Tag Archives: gift

Shoes Glorious Shoes

My earliest memory of falling in love with pair of shoes was when I was about 7 or 8 years old. The shoes belonged the original Aisha Joda, my late maternal grandmother who we all called Mamie. They were dainty slippers, skinny wedges with black skinny and some stonework round the front. Beautiful classic shoes, kind of understated in their elegance. Mamie had the most beautiful small feet. A size 3 to 3.5. At 7-8, my feet were that size so I would sneak into her dressing room and put them on and stare at them in fascination. I think she or my mama caught me once or twice. She must have realised how much I loved them because when I turned 10, she gifted them to me. I was so thrilled. I wore them every chance I got (unfortunately not enough as I didn’t have many occasions to dress up back then). It was with deep sadness when I came home at the age of 12 to find my feet had outgrown those shoes.

My love for shoes grew slowly and steadily. I found a bargain faux leather black boots in 2001, just below the knees and for the first time, they fit perfectly around my skinny calves. I felt much like Julia Robert’s character in Pretty Woman and that meant I felt fabulous because it was my favourite movie and still ranks in my top 10. I wore those boots everywhere anytime. For two years, aged 15 and 16. Sadly, they were not of the best quality so after a lot of miles walked in them, I reluctantly stuck them in the charity bin.

My first really lovely grown-up pair was bought by my sister. They were a classic black suede stiletto pair with 4 inch heels. It took a bit of getting used to with the height of the heels but once I broke them in, I loved them to bits. I had them for nearly a decade and had dozens of pairs of shoes by then but parting was still difficult. I gave them to a sister because I knew she would love them much as I did.

I will mention two other significant shoes. I love polka dots in any shape or form. I even had a polka dot wedding cake and have bonded with many a parent at work over their polka dot top/skirt/tights. 2 years ago, I found a beautiful pair of black with white spots polka dot high heels by Rocket Dog. They are absolutely stunning and I wear them every chance I get because even if things are going pear-shaped, I look down and my feet clad in polka dots never fail to lift my heart. My husband loves shoes and he is a generous soul so if I let him, he would buy me shoes costing hundreds of £££. I am of those who believe that if I have hundreds to spare, I would rather go on holiday than buy a pair of shoes I am too busy to wear out anyway. For my last birthday, my husband gifted me my first pair of Jimmy Choo’s. Black knee length pure leather boots with a gorgeous soft lining that caresses my foot. A bit like my first pair of boots but more grown up and of better quality. I still feel like Julia Roberts but a classier one.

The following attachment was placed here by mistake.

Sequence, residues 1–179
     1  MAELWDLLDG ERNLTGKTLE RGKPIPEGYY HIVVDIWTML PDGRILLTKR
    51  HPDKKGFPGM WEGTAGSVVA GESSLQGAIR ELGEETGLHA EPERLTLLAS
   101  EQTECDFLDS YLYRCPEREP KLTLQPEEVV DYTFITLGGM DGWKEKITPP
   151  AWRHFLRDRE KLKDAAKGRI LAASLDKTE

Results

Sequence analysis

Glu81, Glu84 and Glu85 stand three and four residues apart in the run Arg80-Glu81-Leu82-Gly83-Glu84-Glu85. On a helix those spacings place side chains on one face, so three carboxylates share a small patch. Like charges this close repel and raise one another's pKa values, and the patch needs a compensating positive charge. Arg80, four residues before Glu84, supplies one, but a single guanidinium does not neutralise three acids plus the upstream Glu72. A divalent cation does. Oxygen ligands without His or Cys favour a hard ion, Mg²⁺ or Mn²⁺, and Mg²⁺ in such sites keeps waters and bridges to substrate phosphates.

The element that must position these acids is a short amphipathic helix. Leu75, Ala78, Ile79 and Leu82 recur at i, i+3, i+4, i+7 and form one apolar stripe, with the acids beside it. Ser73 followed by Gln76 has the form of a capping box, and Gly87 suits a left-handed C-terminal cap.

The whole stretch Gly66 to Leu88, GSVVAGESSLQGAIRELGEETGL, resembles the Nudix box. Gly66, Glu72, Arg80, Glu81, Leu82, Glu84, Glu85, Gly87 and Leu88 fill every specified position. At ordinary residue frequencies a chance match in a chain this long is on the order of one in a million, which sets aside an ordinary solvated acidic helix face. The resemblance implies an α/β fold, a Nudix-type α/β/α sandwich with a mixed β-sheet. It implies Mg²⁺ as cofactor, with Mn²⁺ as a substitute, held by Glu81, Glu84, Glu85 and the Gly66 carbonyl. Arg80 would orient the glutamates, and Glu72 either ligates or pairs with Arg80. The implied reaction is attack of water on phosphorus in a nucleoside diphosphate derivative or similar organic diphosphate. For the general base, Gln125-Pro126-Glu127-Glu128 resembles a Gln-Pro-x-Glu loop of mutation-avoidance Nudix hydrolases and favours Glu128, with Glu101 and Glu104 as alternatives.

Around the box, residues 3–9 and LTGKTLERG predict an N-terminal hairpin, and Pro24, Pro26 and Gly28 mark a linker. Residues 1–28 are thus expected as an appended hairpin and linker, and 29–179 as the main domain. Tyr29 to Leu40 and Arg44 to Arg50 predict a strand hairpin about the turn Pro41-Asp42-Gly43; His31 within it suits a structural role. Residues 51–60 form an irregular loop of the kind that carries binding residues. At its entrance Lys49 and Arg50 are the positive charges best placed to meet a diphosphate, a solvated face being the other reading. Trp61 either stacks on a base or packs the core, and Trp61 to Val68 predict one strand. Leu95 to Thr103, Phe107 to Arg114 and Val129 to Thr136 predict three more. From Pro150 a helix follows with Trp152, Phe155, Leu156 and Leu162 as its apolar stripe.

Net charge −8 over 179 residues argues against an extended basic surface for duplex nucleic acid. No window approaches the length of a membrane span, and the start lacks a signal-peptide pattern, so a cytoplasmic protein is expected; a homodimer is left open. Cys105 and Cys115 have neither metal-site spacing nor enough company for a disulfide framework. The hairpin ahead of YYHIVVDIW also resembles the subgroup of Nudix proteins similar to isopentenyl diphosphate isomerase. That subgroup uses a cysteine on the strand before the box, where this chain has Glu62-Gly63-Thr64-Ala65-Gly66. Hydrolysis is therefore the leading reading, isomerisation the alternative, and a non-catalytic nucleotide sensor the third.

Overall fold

I shan’t go on about every pair of shoes I own but suffice it to say, there are quite a few and I keep running out of display space. One day, my husband and I hope to build our own home reminiscent of some of the inspiring Grand Designs homes we have seen. My one wish is to have a decent sized dressing room adjoining the master bedroom. The main reason being, I would like to be able to display all of my shoes in a beautiful setting, like Carrie in Sex and the City. Mmmm….

Sweet Mama

When I think of my mama, there is a theme song that plays in the background. ‘A Song for Mama’ by Boys II Men. The song talks about her teaching her child everything, teaching them about right and wrong. It talks about the mama believing in her child when no one else would. It talks about loving mama being the food to the soul and her being the child’s strength. Amazing song!

My mama was never the most traditional of mums. For majority of my life, she was a single mum. She is a feminist. She travelled often to attend conferences and seminars and to take part in courses, for weeks and sometimes months at a time. She did not enjoy the traditional female roles of cooking and cleaning day in, day out.  I rarely saw her do laundry and she certainly never ironed for us. But…she also did a lot of traditionally mummy things. She woke us up for school every morning she was home. She bathed us both together in the bathtub and wrapped us each in a large bath towel, tucking us in just the way we loved it so that we were like worms in a cocoon of warmth. We would hurry off to our bedroom and fall into bed, clean and warm for a quick ‘shut eye’ and make her go through the process of getting us up again. She washed my hair and patiently combed out the tangles and put hair cream on my hair and scalp. She took me to buy school books, stationary and shoes when the new term began. She waited at the end of the school term for my exam results and told me how proud she was.

My mama recounts that when I was born in a busy maternity ward in Ahmadu Bello University (ABU) Teaching Hospital, Kaduna. She says she knew I was different in that first hour. The maternity unit was very busy which meant that as babies were born, they were given a cursory drying and wrapped up and placed in a queue for proper cleaning before being placed in their mothers’ arms. My mama says that I wailed so loud for so long that the midwife had to come away from the mother she was assisting to pluck me out from the waiting queue, give me a good clean and take me to my mama. I cried all through her handling and I am told that as soon as my mama took me into her arms, I took a deep breath in and fixed my eyes on her. Apparently I was as good as gold for my mum throughout childhood. Not so to everyone else. I was a right madam and often fussy especially when my mama was away on one of her trips. I cried so much that I grew up with a husky voice but my mama swears I was always good for her. I think my tears were from missing my mama and fearing that she had abandoned me.